where, as opposed to Eq. (2), the correlation of “microscopic forces” $Fi=iLAi$ appears and the upper limit of the integral is not infinite but a time $\tau $ which is long with respect to the initial decay of the microscopic forces but small compared to the time scale of macroscopic variables. The proof is as follows. We introduce the matrix of correlation of microscopic forces $C(t)$, defined by

This is Eq. (7) of Cubero that simply follows from the adjoint property of the Liouville operator. The correlation of microscopic forces $C(t)$ can be obtained from a molecular simulation, while the correlation of projected forces $C\u0303(t)$ cannot. The relationship between $C(t)$ and $C\u0303(t)$ is easily obtained by taking the time derivative of Eq. (1) and use of Eq. (5),

Note that $C(t)$ and $C\u0303(t)$ differ by the last two terms of the right hand side of Eq. (6). These two terms have been neglected in Ref. 5 and this has been questioned by Cubero in his Comment.

We will assume that the very short range decaying part of $C(t)$ may be modeled with a delta function. The time scale of this decaying part is much shorter than the time scale of the relevant variables. Obviously, $C(t)$ should have another contribution for two different reasons: First, it is required that $\u222b0\u221eC(t)dt=0$ (see Ref. 4) and, second, Eq. (5) implies that the time scale of the microscopic force is the same as the time scale of the relevant variables, as noted by Cubero. We can model $C(t)$ by assuming that the correlation $A(t)$ of relevant variables has the following structure, $A(t)=a(t)\theta (t)+a(\u2212t)\theta (\u2212t)$ where $a(t)$ is a matrix function with the property $a\u0307(0)\u22600$ and $\theta (t)$ is the Heaviside step function. With this, we are assuming that $A(t)$ has a *cusp* at the origin. From Eq. (5) the correlation of microscopic forces is obtained from the second time derivative of $A(t)$; this is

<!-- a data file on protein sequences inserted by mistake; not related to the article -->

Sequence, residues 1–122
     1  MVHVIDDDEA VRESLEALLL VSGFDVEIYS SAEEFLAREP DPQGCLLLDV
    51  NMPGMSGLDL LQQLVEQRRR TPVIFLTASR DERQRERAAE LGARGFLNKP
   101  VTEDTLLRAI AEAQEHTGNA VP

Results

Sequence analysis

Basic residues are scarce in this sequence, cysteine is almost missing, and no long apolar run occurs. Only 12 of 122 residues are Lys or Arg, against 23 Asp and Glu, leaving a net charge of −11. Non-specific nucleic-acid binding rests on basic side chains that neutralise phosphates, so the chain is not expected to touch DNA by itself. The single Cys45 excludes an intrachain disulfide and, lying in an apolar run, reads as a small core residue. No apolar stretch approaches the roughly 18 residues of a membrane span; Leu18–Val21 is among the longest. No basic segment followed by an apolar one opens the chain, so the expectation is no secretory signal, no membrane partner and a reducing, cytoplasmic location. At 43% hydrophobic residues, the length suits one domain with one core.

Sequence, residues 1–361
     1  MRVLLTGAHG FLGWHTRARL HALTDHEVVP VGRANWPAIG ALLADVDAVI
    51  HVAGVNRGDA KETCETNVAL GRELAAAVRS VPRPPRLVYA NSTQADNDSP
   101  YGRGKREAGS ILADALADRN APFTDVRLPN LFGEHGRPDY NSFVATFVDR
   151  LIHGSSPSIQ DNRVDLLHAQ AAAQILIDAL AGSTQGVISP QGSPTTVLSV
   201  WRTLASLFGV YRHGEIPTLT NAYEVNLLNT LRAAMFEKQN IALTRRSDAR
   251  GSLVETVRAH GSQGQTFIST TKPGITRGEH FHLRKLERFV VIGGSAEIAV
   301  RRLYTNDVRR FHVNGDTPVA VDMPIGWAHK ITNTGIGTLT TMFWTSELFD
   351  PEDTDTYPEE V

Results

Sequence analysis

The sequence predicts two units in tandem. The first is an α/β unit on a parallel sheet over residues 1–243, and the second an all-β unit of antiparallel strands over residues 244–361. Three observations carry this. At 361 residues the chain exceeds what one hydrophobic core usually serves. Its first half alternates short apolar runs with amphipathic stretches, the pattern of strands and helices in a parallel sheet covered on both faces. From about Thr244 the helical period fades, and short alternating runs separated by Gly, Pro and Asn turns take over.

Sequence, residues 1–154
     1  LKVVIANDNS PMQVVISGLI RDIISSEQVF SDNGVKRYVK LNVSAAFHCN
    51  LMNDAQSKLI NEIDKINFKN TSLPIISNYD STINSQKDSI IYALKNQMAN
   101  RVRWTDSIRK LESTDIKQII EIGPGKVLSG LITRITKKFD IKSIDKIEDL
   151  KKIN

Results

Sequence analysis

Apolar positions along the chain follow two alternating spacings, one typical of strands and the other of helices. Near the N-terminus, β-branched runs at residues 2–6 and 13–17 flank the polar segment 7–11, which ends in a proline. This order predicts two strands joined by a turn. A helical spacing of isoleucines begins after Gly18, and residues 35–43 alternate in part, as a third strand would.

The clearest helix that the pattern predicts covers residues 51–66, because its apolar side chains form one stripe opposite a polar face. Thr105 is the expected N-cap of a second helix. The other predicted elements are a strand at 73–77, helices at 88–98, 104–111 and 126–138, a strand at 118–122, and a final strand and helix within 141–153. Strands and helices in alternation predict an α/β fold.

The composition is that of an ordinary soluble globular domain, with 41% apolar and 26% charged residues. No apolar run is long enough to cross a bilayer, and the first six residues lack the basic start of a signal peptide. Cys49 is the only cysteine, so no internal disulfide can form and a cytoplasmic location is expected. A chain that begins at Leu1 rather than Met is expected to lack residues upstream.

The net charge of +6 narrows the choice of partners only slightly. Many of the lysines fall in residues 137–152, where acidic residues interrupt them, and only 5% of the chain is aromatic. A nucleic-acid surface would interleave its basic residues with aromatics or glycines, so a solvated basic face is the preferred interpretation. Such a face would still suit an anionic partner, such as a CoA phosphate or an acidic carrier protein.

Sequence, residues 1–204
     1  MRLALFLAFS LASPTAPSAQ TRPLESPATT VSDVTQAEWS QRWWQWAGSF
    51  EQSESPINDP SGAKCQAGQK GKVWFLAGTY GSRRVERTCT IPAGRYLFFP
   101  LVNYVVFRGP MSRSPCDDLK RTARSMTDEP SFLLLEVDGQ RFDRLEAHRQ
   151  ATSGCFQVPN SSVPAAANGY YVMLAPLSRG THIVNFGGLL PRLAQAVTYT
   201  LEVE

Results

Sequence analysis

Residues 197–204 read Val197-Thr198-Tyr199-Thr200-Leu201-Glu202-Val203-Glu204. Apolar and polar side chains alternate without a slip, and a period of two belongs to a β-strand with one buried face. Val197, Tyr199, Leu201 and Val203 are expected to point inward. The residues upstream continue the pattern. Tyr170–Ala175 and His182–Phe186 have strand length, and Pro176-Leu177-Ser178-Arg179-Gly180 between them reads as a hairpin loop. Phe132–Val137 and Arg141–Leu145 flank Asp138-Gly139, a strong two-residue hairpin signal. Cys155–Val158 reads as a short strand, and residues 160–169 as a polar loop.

The first contribution is singular at the origin while the second contribution has the time scale of the relevant variables. Of course, in reality we never have a cusp in $A(t)$ and, consequently, never have a delta function in $C(t)$. We rather have a tiny rounded cusp in $A(t)$ and a highly peaked decaying contribution to $C(t)$, but the singular modelization serves for our purposes.

It is apparent from Eq. (6) that if the correlation of microscopic forces has a delta contribution as in Eq. (7), then $C\u0303(t)$ should have also the following structure:

where $\u03f5(t)$ is a nonsingular contribution to the correlation which we expect to have a time scale comparable with the time scale of relevant variables. The substitution of Eq. (8) into Eq. (1) leads to the following equation for the nonsingular contribution $\u03f5(t)$:

Observe that if the Markovian property holds, then $a(t)$ obeys Eq. (3) and $a(t)$ decays exponentially. As a consequence, Eq. (9) predicts $\u03f5(t)=0$. We have thus demonstrated that $C\u0303(t)=2a\u0307(0)\delta (t)$ in the Markovian limit, and any memory contribution in the matrix of correlation of projected forces is consistently eliminated, even though $C(t)$ do has a memory. Because $C\u0303(t)=2a\u0307(0)\delta (t)$, the Green-Kubo relation in Eq. (2) can be computed through Eq. (4). Note that the argument presented shows that the usual way of computing the friction matrix with the microscopic rather than the projected forces is, in strict sense, only valid if the macroscopic variables evolve exponentially and the Markovian approximation is valid. An explicit example of this situation is Brownian motion in the infinite mass limit.^{4}